The Second Great Awakening

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Many ideas influenced this movement such as the ever changing relationships between social classes, men and woman, and racial groups. This religious enlightenment opened the door to a monumental social reform movement. The growing concern of hell-fire and spiritual motivation for domestic peace led to a temperance movement and the moral standards of religious revival led to an increase in the education system.

Alcohol

In the early mid 1800s excessive drinking put a disgraceful image on American society. Heavy drinking decrease the ability of laborers to do their jobs effectively, caused many dangerous accidents of drunken machine workers, and, importantly to a religious society, threatened the domestic lifestyle and safety of women and children. The National Temperance Union fought to ban and prohibit the drinking of alcohol and they argued that it made men corrupt, destroyed families, led to crime, and even led to death and suicide. Often alcohol would turn men into drunkards leaving their wives and children to fend for themselves.

Protestant religious leaders campaigned for drinkers to sign the temperance pledge using pictures, pamphlets, lectures, and songs. Very similar to the previous Enlightenment and First Great Awakening, novels such as “Ten Nights in a Barroom and What I saw There” were published speaking against the drunken fathers and how the drink affected families. By 1857, a dozen states had passed prohibition laws at the lead of Dow’s Maine Law in 1851. The continuous problems of the “demon rum” even after the laws were passed attracted even more dedicated reformers. The Second Great Awakening fueled the temperance movement with a large amount of crusaders that would continue to pursue this reform.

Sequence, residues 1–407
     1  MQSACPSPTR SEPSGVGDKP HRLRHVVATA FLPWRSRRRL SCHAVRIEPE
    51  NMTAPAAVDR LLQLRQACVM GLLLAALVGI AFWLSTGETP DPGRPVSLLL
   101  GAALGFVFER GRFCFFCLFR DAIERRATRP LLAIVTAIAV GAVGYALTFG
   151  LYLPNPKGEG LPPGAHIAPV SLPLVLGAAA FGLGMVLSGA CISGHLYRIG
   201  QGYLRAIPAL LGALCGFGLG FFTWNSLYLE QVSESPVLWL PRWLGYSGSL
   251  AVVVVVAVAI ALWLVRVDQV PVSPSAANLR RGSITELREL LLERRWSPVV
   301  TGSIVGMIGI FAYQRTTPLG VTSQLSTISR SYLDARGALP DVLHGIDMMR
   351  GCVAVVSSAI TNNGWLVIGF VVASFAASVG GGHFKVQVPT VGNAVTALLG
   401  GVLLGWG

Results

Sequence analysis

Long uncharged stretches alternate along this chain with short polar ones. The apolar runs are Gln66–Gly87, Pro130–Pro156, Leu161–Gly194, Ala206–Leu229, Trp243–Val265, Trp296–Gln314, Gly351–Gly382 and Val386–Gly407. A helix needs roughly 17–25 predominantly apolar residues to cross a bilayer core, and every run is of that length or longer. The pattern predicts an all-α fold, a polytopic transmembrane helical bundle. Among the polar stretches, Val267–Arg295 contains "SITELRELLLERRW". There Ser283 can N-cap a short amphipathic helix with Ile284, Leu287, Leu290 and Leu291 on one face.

Education Reform

The Second Great Awakening led to a reform movement in education as well. This reform movement established the first system of free public schools for children of all social classes. Even more important than the basic literacy teaching was the teaching of moral principles. Educational reformers focused on instructing children in the ideal morals of a Protestant society.

William Holmes McGuffey created a series of textbooks that were the main teaching material of moral instruction. These elementary text books focused on religious virtues such as hard work, punctuality, and sobriety. Horace Man was one of the prominent leaders in the movement for educational reform. He believed that it was vital to make elementary school mandatory to develop good citizens for the republic. He also thought that every child should have the right to go to school free of cost. As a result of The Second Great Awakening, Horace Mann’s, and William McGuffey’s efforts education experienced a great increase as many denominational schools blanketed the United States.

With the Second Great Awakening came a religious revival that motivated a social reform movement. Moral principles and spiritual philosophy influenced the crusades for temperance as well as the growth of the education system in America.